And that is where we see a big problem. The current government has promised an even bigger state, not a smaller one. They have promised hard measures against the ones who benefited most in the past, but haven’t executed any so far. They have promised economic improvements, but the country is an economic catastrophe since Syriza took over in January.

Here is the biggest mistery of them all. Although the government has promised to fight any bailout plan, Mr. Tsipras came up with Greece’s 3d big bailout plan this week. How do Greek people react on that?

Opponents of Syriza obviously are critizing Mr. Tsipras for that. They point out that the current government has brought false hopes, based on unrealistic promises. On the other hand, proponents of Syriza are still defending Mr. Tsipras, saying that he was “cornered”, and that the bailout plan was the only viable solution. They believe that he had a “plan B” but was somehow “prohibited” to implement it. They still believe Mr. Tsipras is a great politician as he is the only one who can bring justice and reforms.

Let us pause for a minute here, and add our own observation. Taking everything together, it is clear to us that today’s economic and monetary crisis is a politically induced one. Politicians can facilitate the way out. And that is where it potentially can go wrong. The country needs drastic measures which are, in nature, politically unpopular. Moreover, politicians have a track record of creating confusion to people, and bringing false hopes (as discussed earlier). The only way out, in our view, is one of increased pressure by European leaders.

That leads us to the European aspect. The current government has stimulated an anti-Europe preference. However, by far most of the people we interviewed have a pro-European viewpoint. Almost everyone believes it is a better thing for Greece to stay in the Eurozone, as it is a much stronger currency than a Greek currency. Hence, the economic outlook, in the very long term, would be better being part of Europe. Moreover, people admit that European leaders have the potential to force discipline, order and justice, something Greek governments will probably not realize themselves.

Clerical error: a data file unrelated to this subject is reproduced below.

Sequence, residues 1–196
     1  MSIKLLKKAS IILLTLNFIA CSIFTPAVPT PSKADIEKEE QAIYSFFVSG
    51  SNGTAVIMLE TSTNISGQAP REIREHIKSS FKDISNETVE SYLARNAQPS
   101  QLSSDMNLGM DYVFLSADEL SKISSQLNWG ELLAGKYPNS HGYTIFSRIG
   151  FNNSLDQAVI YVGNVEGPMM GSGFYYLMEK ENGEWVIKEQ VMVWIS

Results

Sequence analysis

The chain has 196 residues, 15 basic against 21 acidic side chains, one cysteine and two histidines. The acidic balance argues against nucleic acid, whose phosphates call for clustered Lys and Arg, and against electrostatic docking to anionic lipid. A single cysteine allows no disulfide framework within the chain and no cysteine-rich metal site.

It is not a strange idea that Europe can help Greece, and it is clear that European leaders are aware of it as well. When we analyzed the bailout plan which was agreed last weekend, we see in the agreement 9 measures related to structural reforms, one of which being the following:

“To modernise and significantly strengthen the Greek administration, and to put in place a programme, under the auspices of the European Commission, for capacity-building and de-politicizing the Greek administration.”

At the end of the day, that is exactly what Greek people are asking for. So Europe can really help Greece in its need to reform structurally. And, obviously, European leaders know very well that is the weakest point of Greece.

The anti-Europeans we interviewed, although a minority, brought up the fact that Europe (read: Germany) is suppressing Greece. That idea is originated from the feeling that Greece is not a sovereign state anymore, which is fed by the current government.

Our conclusion is that Greece is a textbook “boom and bust” case. The country is today paying the price of two decades of excesses, based on unsound economic expansion (i.e., uncontrolled government spending). Contrary to what some report, we clearly see that Greek people realize this, and they desperately want to change this. Whether politicians will be able to bring change or not, is the trillion dollar question in our view. In any case, politicans hold the key to change, especially when it comes to legislation and taxes, corruption and fraud, productive economic stimulus.

It is really sad to see how the Greek people fell victim of an unfair economic system, created by previous governments, cheap money, and a big state. But it is exactly at this point where some Greeks hope that this crisis has the potential to bring real change. Greek people are so exhausted that they are willing to accept change. Politicians, however, have to do the right thing, which means focus on the interest of their country, not their personal votes.

We are preparing a report on “crisis investing in Greece.” Stay tuned by subscribing to our newsletter at SecularInvestor.com.

Secular Investor offers a fresh look at investing. We analyze long lasting cycles, coupled with a collection of strategic investments and concrete tips for different types of assets. The methods and strategies are transformed into the Gold & Silver Report and the Commodity Report.

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© 2015 Copyright Secular Investor - All Rights Reserved Disclaimer: The above is a matter of opinion provided for general information purposes only and is not intended as investment advice. Information and analysis above are derived from sources and utilising methods believed to be reliable, but we cannot accept responsibility for any losses you may incur as a result of this analysis. Individuals should consult with their personal financial advisors.